How to ensure that your script runs first in a webpage

David Bruant bruant.d at
Sat Feb 4 03:29:42 PST 2012

Le 04/02/2012 01:14, John J Barton a écrit :
> On Fri, Feb 3, 2012 at 3:14 PM, David Bruant <bruant.d at> wrote:
>> Le 03/02/2012 23:26, John J Barton a écrit :
>>> On Fri, Feb 3, 2012 at 1:08 PM, David Bruant <bruant.d at> wrote:
>> I've been looking at Caja's code recently [1] and noticed that they take
>> (untrusted) code and eval it. Of course, doing a dummy eval would be
>> harmful because eval evaluates with the lexical environment of the
>> calling context. Instead, they've found a way to wrap the eval call and
>> make that when the eval code accesses something, they get to decide what
>> this value is. In a way, they provide the lexical environment of their
>> choice.
> And I'm guessing, but the objects in that environment need to be
> special in two ways: the need to have limited API and they need the
> restrictions like freeze().
It depends on what you call "limited". If you mean to limit the number
of functions/methods available, then no, you don't need to do this.
If you mean to limit the authority of existing API, then yes and that's
the best part of it: a trusted code can decide which authority (part of
a document, localStorage, XHR, etc.) is available and which is not.
Say you want to provide to a given script the ability to send XHRs to a
chosen URL, you can reimplement the API to only allow that and fake a
network error for any other URL.

> This would true of all their properties as
> well, including Object, Function etc.
It doesn't have to. It really depends on how much you trust the partialy
untrusted code. If you don't care of this code being able to mess with
extensible Array.prototype, you can do it (you probably rarerly do, though).
Also, forwarding proxies can be useful as they can forward operations
that you want and make fail other operations, so you can provide to
untrusted code something that looks like a fresh built-in Object, but
isn't and if the untrusted code freeze its version of Object.prototype,
it doesn't affect your version.

> The result (which is not unreasonable) is that the API objects have to
> be low level things, not say dojo widgets or so. Because otherwise the
> restrictions propagate through out the higher level code.
It doesn't have to. The advantage of providing attenuated
implementations of existing and standard APIs is that you can easily
leverage all code that rely on these APIs.
But if you ask untrusted parties to write code according to another API
(dojo widget if that's the kind of API you like), then you can do it.

>> A second argument to eval to provide a lexical environment could make
>> things easier. Just to be clear, I am not suggesting a second argument
>> like it was before [2]. The object properties would be the lexical
>> environment of the eval code (and not the lexical environment of the
>> function if what is provided is a function as second argument). It seems
>> to me that such a solution would enable fine granularity attenuated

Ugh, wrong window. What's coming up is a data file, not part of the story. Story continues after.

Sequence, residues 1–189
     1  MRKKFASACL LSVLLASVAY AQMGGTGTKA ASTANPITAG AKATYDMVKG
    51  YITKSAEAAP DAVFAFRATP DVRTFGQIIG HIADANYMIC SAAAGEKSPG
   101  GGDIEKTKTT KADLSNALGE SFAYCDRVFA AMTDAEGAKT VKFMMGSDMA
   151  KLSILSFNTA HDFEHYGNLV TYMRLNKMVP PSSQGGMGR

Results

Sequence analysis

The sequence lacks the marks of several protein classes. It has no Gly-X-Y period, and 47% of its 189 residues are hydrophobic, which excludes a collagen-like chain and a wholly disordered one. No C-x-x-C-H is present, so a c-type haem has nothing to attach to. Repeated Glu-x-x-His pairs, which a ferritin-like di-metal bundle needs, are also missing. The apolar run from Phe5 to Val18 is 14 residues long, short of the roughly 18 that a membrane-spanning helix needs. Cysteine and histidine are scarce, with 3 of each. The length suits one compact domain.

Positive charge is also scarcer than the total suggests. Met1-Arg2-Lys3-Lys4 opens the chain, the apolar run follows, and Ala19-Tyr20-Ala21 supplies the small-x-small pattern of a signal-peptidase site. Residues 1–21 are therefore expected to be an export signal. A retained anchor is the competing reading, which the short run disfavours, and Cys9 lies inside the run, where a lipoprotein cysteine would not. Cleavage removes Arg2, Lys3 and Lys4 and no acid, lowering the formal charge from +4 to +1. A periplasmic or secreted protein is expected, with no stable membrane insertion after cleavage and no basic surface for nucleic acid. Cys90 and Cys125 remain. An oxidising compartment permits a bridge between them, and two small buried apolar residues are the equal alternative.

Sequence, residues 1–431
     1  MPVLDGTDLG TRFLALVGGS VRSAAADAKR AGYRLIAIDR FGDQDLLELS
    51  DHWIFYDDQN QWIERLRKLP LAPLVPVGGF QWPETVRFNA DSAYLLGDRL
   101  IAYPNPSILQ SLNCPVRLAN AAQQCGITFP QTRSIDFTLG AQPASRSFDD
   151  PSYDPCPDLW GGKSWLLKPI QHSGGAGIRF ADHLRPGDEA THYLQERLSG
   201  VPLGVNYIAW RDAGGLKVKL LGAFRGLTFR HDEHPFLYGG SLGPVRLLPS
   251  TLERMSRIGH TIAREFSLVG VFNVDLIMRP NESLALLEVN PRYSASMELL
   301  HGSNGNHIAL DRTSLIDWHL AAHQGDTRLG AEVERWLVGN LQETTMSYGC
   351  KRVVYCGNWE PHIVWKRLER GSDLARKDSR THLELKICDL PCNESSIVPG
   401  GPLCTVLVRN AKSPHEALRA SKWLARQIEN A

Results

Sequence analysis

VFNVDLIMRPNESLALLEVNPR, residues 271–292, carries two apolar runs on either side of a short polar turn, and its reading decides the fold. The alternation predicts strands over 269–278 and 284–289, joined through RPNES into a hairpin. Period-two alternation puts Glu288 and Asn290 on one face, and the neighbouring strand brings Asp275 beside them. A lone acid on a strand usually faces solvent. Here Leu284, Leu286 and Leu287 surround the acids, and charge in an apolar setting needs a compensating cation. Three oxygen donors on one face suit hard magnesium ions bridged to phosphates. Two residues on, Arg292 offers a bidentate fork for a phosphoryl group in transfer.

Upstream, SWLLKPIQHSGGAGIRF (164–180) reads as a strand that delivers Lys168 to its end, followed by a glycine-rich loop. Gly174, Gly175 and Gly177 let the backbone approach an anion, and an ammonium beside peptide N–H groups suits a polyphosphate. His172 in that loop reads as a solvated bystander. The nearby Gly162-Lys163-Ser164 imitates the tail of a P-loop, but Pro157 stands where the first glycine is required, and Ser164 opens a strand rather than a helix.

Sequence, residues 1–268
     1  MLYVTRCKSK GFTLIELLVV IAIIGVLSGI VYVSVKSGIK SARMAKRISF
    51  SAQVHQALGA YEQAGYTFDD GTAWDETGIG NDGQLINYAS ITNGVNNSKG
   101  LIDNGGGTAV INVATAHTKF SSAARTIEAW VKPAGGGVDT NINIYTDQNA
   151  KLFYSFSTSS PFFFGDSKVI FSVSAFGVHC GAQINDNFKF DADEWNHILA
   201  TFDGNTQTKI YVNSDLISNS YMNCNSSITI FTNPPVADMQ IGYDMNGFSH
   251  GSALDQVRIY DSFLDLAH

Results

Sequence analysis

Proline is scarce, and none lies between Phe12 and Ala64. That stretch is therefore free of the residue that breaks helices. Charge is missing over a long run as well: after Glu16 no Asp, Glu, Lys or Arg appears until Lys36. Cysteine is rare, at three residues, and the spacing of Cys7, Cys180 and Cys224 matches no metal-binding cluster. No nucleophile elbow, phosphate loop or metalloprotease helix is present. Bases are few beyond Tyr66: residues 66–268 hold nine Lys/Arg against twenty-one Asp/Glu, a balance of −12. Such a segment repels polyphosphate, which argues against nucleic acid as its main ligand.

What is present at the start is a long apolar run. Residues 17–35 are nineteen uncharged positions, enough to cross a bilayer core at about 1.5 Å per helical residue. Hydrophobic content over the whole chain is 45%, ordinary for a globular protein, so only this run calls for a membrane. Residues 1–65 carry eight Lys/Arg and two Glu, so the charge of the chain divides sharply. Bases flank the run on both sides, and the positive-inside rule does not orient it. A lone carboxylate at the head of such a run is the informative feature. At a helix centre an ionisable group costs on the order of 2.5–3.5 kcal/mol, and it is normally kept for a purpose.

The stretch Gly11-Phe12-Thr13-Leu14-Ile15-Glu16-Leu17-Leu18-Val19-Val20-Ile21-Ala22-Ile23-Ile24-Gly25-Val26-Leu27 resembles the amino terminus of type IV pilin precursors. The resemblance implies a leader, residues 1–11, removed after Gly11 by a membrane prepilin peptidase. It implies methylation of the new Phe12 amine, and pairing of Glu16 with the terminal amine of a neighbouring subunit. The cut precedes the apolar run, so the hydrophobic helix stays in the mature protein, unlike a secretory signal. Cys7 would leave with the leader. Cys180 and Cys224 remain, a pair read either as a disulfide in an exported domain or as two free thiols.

>> authority at a very small cost:
>> ------
>> // codeInString:
>> localStorage.set('a', 1);
>> var a = localStorage.get('a');
>> localStorage.set('b', 2);
>> // ...
>> var codeInString = // code above, but as a string
>> var chosenKey;
>> var oneSlotLocalStorage = {
>>  get: function(key){
>>     if(typeof chosenKey === 'string')
>>         return localStorage.get(chosenKey, val);
>>  }
>>  set: function(key, val){
>>    if(!chosenKey || chosenKey === key){
>>        chosenKey = key;
>>        localStorage.set(chosenKey, val);
>>    }
>>    else{
>>        throw new Error('You're not allowed to use more than one key!')
>>    }
>>  }
>> }
>> eval(codeInString, {localStorage:oneSlotLocalStorage});
>> // 'a' is chosen as the key and an error is thrown when trying to set 'b'.
>> -----
>> Of course, it's a dummy example (and the second eval argument doesn't
>> exist), but it seems that this kind of attenuation will be far cheaper
>> (especially when direct proxies will be deployed) than iframes which
>> always recreate an entire environment (ECMAScript built-ins, DOM
>> built-ins, a document instance, etc.)
> Well I have a soft spot for eval(), but your comparison seems bizarre
> to me. The codeInString would not have access to ECMAScript built-ins,
> DOM built-ins, a document instance, etc. So sure the result will have
> better performance, the only problem is it also can't do anything
> useful.
In my example, no it doesn't, but it would be quite easy to set up a
forwarding proxy to my own global object and add restrictions to the
APIs I wish to put restrictions on.
This way, in a couple of lines, the untrusted code woud have access to
my environment minus the APIs I have specifically attenuated (which
could range from all of them to none of them, I have the freedom to
choose the granularity I want)

I'd like to point out that this design also provide a form of security
that iframes cannot provide. Same origin iframes have the access to the
same localStorage instance(thanks to security based on same origin), but
that can be quite a problem when, for instance, a school decides that
student addresses will be of the form In
these URL layouts, visiting the page of a student means that the student
can steal anything in the local storage, even if you've opened the
student page in an iframe.

However, if you run the (potentially malicious) student code with an
attenuated localStorage API, the same student code becomes harmless.


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